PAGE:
The next particular aimed at has been to secure to Protestant women that support of public sentiment which women find in the Catholic church, when led by a benevolent desire to engage in religious and educational enterprises.
If there is anything which is made prominent as the distinctive peculiarity of the religion of Jesus Christ, it is self-denying benevolence. Why is it that in the Old Testament dispensation (foreshadowing the New) sacrifice holds such a conspicuous place? Why were evils averted from the erring and guilty by the sacrifice and sufferings of innocent beings? Why was the coming of the Great Author of our religion spoken of as a sacrifice on the part of the Eternal Father, like that of giving up an only son to a painful and ignominious death? Why was the life of our Savior one continued scene of humiliation, self-denial, and suffering? Why did his death include in it all that terrific array of mental agony and physical torture? It is because the vast scheme of universal being can be brought to its eternal and sublime results only by the self-denying suffering of the good to reclaim and ransom the guilty. It is because in a universe of finite free agents, all good must be secured immediately or remotely by self-denial and self-sacrifice.
Our Almighty Savior came into this world to exhibit to the universe his own submission to this universal law. And his own inspiring example is set forth as the grand invigorating influence which is to arouse and sustain all those who bear his name. He ever taught and acted on the assumption, that the loss of the soul is so tremendous and irreparable an evil, that no sacrifices are too great to save it. He gave up all that heaven contains to do it; and he commands and expects that his followers will give up all that earth contains in the same struggle. He assumes that while immortal spirits are exposed to such dreadful evils, a benevolent mind can never rest if anything is left undone that can save.
The Catholic church has mournfully perverted this main doctrine of the Gospel. Self-denial and the Cross are indeed the distinctive sign of their church. But it has not been the benevolent self-denial of Christ, but a selfish and ascetic self-denial, aiming mainly to save self by inflictions and losses. However true it may be, that individuals have ever been found in that church who have been the true followers of Christ, few will maintain that the great body of that corporation, which consists of pope, cardinals, bishops, and priests, have been engaged in any other work than that of extending the bounds of their own church, and thus of their own dominion over the human mind. And though they may in many cases persuade themselves, that this will also secure the eternal salvation of their fellow-men, still they have not been, like Christ and his Apostles, spending life in self-denying labors to promote that character among mankind, which alone secures eternal life.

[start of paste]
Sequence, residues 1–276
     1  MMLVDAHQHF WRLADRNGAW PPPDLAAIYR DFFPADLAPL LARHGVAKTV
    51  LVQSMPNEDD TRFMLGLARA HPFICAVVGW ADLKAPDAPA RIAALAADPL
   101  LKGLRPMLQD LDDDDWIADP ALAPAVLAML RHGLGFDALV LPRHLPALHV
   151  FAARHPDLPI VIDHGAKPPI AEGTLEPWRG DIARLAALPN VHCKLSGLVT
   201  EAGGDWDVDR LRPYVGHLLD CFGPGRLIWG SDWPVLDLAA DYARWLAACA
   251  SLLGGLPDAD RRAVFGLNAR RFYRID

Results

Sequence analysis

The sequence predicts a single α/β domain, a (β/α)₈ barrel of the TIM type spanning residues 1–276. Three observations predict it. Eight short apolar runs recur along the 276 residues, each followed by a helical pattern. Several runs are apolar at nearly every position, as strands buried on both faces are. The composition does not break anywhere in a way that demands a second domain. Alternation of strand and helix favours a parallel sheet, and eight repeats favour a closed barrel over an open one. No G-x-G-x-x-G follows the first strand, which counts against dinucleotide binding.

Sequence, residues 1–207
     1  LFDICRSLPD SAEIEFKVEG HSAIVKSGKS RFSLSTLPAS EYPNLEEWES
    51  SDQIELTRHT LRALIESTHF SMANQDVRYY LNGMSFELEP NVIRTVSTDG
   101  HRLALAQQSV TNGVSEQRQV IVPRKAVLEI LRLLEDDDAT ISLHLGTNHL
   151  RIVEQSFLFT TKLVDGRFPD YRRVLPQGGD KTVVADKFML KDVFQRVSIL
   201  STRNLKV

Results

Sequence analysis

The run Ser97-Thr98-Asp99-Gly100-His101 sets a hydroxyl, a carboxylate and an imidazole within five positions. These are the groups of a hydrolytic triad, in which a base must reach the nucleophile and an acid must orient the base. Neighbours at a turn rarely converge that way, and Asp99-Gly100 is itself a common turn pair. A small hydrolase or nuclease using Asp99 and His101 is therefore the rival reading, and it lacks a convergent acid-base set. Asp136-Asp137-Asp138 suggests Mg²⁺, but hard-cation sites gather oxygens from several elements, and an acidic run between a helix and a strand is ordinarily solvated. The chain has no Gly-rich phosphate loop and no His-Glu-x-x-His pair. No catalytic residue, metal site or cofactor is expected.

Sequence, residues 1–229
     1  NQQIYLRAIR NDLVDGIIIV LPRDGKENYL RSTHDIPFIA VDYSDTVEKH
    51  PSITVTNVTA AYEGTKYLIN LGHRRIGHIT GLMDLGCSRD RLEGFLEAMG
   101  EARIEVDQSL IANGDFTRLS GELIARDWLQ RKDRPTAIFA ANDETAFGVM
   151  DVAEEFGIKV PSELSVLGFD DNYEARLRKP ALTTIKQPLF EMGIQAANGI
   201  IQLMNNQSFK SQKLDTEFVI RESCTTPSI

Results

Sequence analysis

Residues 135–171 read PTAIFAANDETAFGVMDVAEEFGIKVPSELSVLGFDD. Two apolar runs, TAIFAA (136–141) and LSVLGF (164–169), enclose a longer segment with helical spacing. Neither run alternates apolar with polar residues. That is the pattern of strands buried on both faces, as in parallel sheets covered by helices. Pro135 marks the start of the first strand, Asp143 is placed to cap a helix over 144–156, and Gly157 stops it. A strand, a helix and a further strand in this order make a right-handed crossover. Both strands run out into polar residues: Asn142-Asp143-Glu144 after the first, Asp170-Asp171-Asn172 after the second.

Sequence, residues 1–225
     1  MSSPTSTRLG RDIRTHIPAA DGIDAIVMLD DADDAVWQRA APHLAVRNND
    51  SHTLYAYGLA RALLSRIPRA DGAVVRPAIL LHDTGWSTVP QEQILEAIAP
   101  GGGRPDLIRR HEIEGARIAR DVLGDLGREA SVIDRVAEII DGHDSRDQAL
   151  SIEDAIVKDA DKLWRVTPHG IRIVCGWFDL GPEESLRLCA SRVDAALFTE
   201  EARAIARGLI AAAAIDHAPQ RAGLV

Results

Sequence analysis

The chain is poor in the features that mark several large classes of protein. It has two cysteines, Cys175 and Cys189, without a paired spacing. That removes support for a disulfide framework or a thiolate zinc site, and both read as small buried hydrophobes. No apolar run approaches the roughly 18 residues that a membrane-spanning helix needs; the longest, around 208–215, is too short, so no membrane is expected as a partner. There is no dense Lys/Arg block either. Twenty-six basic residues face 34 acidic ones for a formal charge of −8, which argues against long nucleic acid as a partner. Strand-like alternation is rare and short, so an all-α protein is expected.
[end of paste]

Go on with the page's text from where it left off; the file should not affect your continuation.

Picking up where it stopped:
In shunning the tendency to asceticism, the Protestant world have swung to the other extreme, and vast numbers, who vainly imagine themselves disciples of Christ, are utterly destitute of the self-denying benevolence, without which he declares that they are none of his. And so great is their number and influence, that the whole moral atmosphere, especially in the wealthy classes, bears heavily against methods of self-denying benevolence, as of universal obligation. To do good, in ways that do not essentially interfere with comfort or convenience, to give time and money when it involves no serious diminution in the gratification of ease and taste, are very common modes of benevolence.